With the port of his exhaust oozing with smoke, Adam Smerdon would sit along the starting gate, frantically itching for his moment to begin this respective duel. He felt ready and capable, visualizing this particular instance for quite sometime; magnifying his target in the confines of the first turn, and looking to gallop out of the gates on top of his steed. Shifting that “bucking bronco” into gear, it would be that of the Schoolboy 2 (12-17) B/C race awaiting him first; where he immediately began to sprint around the ever-roughening Underground MX track. Slapping the shrouds with a bull-whip of sorts, you could see the dust trail behind him beginning to amplify; covering the adjacent crowd into a film of minuscule soil composition. Those particles, would have others gasping from breath; all the while he scurried away, to a relatively sound tenth overall. His true efforts though, would shine brightest in the 250 B classes; where a multitude of sound overall competitors awaited him. Scouring the line-up prior to take-off, many on the fence-lines knew that this would be an absolute battle royale; as numerous contenders, chose to throw their name into the hat for an overall championship run. The number forty-two exemplified excellent craftsmanship, especially in the latter race’s of the afternoon; where the sun would bake this pristine Texas composition. Although becoming littered with pot-holes, braking bumps, and jagged edges of all sorts, Smerdon’s ability to pinpoint the smoothest line would render him far above the vast majority of competition. His prerequisites of sharp-shooting, had him firing off rounds well into the top ten; placing in ninth in the first race of 250 B. Yearning to duplicate that course of action, he would launch over the myriad of large obstacles that were branded around the raceway; all the while holding off riders like Dylan Cunha, as they toggled over the sixth place residency. An illustrious conclusion to an overall “tip of the hat” performance, Smerdon would do what was necessary to clinch the matter of sixth overall as well. Then, it was time for the 250 B limited class to be bestowed upon him; where stock machinery, would be nestled under the frame of all his surrounding counterparts. He knew the field was even, and began to diligently prepare for the war that was about to take place. Sharpening the bayonet, he would plunge into the parameters of the first few corners; looking to separate himself from the field, with a slashing of the sword. One lap after another, he remained a staple at the front of the crowd; moving from eighth place in the early going, to that of the top five. Although finishing here, he knew that deep down, he had more in the tank. Shortly thereafter, the brackets would unleash the stampede yet again, and he simply wouldn’t oblige to anyone; yielding to all signs of surrender, and continued to volley forward with absolute reckless abandon. Now into the top two with only a few short circuits to go, he would trail only Levi Kitchen at the finish; being granted a noteworthy silver medal slot, as he rode-off into the Texas sunset.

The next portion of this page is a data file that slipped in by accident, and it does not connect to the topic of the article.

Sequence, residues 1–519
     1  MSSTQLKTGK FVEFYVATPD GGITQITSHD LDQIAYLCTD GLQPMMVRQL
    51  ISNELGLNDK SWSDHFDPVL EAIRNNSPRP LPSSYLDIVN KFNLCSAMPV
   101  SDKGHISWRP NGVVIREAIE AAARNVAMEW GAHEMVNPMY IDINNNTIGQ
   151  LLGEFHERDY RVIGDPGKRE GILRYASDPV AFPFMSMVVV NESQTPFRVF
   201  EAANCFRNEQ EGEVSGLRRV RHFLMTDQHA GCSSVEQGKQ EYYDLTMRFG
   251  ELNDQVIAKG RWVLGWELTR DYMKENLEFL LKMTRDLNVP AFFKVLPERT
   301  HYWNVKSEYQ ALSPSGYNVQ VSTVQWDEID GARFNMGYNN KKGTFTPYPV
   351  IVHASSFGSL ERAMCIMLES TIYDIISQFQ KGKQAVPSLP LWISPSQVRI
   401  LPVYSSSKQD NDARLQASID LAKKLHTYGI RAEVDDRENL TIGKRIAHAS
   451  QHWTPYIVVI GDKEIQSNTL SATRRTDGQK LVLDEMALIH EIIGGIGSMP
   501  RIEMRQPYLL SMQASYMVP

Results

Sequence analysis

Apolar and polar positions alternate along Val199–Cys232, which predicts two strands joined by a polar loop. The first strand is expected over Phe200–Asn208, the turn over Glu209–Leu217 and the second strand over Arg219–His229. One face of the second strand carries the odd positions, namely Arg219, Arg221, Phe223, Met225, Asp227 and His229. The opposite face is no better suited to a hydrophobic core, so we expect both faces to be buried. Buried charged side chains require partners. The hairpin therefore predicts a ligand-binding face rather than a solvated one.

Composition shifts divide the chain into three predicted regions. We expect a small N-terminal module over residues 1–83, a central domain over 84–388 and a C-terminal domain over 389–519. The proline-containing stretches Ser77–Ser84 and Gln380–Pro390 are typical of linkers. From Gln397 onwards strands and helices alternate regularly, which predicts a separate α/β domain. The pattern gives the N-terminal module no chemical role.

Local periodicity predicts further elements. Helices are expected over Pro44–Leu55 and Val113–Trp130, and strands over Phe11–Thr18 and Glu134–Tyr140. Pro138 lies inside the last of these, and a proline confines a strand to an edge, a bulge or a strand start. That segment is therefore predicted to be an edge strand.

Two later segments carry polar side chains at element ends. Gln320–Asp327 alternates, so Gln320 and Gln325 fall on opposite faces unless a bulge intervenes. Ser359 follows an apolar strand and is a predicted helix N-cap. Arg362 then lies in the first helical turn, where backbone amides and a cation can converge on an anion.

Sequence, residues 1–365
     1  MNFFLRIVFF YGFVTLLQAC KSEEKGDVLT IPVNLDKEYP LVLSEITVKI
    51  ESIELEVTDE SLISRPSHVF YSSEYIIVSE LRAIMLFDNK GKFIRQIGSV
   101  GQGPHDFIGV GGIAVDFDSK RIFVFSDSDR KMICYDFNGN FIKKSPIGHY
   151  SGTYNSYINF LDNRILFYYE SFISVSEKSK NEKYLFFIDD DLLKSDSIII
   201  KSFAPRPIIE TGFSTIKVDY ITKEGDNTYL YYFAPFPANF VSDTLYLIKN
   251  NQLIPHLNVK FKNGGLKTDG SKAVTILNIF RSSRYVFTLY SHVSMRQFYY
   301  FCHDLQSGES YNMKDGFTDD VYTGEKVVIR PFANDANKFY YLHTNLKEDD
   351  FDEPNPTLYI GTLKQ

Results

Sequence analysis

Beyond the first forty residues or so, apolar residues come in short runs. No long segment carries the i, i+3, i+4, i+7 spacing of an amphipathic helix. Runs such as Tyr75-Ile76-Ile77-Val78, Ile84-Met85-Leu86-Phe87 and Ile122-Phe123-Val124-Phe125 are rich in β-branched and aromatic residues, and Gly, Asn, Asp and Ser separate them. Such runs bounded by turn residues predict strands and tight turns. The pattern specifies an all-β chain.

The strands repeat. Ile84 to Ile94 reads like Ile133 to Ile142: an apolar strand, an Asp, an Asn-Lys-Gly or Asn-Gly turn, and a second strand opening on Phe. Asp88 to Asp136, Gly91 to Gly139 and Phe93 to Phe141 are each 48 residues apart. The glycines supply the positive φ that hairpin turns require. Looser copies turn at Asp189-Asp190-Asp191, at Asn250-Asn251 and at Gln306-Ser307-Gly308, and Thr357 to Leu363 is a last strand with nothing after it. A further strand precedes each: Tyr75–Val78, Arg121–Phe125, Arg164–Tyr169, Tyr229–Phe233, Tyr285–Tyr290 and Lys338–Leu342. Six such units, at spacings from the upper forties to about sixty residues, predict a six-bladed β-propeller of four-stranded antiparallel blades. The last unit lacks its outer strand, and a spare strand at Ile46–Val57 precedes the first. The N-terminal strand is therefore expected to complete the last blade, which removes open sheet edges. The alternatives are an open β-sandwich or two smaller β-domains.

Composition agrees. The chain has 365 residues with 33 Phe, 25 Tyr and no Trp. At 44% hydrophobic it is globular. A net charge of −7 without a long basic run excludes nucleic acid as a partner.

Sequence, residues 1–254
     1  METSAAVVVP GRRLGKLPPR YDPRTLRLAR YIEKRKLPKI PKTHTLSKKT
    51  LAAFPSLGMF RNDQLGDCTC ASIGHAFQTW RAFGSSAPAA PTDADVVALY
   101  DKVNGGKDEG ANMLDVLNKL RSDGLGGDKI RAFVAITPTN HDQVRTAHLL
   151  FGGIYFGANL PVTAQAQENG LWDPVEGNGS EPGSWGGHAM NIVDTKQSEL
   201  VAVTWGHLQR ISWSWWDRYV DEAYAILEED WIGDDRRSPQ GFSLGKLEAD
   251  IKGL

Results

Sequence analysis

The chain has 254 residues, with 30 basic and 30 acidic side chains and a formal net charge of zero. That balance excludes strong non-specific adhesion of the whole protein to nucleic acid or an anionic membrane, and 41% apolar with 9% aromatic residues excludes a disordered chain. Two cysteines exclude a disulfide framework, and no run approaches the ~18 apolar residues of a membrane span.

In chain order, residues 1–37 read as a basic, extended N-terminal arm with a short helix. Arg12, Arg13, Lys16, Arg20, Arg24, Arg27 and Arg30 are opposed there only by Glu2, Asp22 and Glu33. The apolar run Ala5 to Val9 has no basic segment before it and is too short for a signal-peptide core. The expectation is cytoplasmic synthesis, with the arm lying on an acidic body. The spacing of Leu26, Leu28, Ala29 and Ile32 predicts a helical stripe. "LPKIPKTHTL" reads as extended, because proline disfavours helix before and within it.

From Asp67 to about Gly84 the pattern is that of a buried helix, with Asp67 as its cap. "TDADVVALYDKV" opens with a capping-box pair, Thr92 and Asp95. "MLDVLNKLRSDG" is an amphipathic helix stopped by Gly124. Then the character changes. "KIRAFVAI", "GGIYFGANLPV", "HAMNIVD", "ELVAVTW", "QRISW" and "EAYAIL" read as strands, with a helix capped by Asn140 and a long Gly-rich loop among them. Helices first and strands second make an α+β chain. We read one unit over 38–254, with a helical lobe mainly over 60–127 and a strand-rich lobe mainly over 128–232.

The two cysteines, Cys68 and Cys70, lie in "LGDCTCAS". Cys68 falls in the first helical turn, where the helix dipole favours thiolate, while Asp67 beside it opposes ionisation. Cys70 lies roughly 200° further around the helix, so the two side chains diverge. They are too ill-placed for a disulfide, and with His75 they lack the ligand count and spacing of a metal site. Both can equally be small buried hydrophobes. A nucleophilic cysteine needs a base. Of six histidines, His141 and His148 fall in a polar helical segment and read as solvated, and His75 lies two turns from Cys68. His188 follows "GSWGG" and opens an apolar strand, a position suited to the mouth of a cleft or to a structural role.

Although a bit too young to recall the day’s of John Wayne, Adler Caudle would ride into the county lines of Underground seeking vengeance on the surrounding opposition in his respective congregation. Many would amass behind these forty(plus) starting gates, looking over their shoulder in unison as he revved his bike to the moon. His particular engine, that ever-so deafening roar, created a rumble that other’s simply couldn’t fathom; and not only would they adhere to his dictation, many would simply follow his respective path around the track. Never once, attempting to pass, or try and reflect his systematic movement patterns. Contesting both Mini Sr. classes, he understood the magnitude of the enemy; knowing that infantry may await him on the other-side of these monstrous jumps, but his outright courageousness would lend him to prevail when his machine would crash to the ground with an outpouring of speed and aggression. There were those on the outskirt’s of this architect-relic of a track, simply categorizing him as an “orange blur;” where a coupling of both surplussed RPM and daunting style, had his numerical branding quite hard to magnify. Nevertheless, he would combat the opposition for a various set of laps; holding numerous inside lines, while riders like Luke Fauser and Landen Gordon chased his rear fender. The fortitude he constructed was rather remarkable, especially when blitzing down the chop-ridden straightaways in an unfathomable fifth gear! Being ushered by his mechanic and accompanying crew, the first race placement of sixth, was definitely something to build off of. He looked at the next platform of racing as a mirror of sorts; believing that he could reflect what had just occurred, and place his number eighty-six machine into the top five overall. Becoming interlocked with that of Casey Cochran, the Floridian would wade his way through this lonesome prairie of Texas configuration; and Caudle’s ability to trail him was rather exceptional. Doing what was necessary for this particular race as well, the individualistic tally of multiple sixth place finishes, would garner him fifth, in the overall registry. Next on the docket of classes to conquer, was that of the Mini Sr. 2 category; where although the colleagues in his proximity were a bit older, he felt as though his particular set of skills could have him soaring to prominence once the checkered flag was waved. He could feel the chassis beneath him beginning to swap around at times; especially, when digging harshly on both the front and rear brake rotors. These gyrating cylinders of stopping-power were bubbling with absurd temperatures; all because of his pertinent throttle twisting, throughout every inch of the Underground course. Once again, putting forth an admirable showcase in that of the sixth position, his best result of the weekend would occur in the final round of the aforementioned class. Now being tabbed into the fourth spot, the overall accumulation of points, would bolster him to a fourth overall to begin the respective racing year. And although just a taste of the top five, you can guarantee that Caudle is hungrier than ever for success in the future.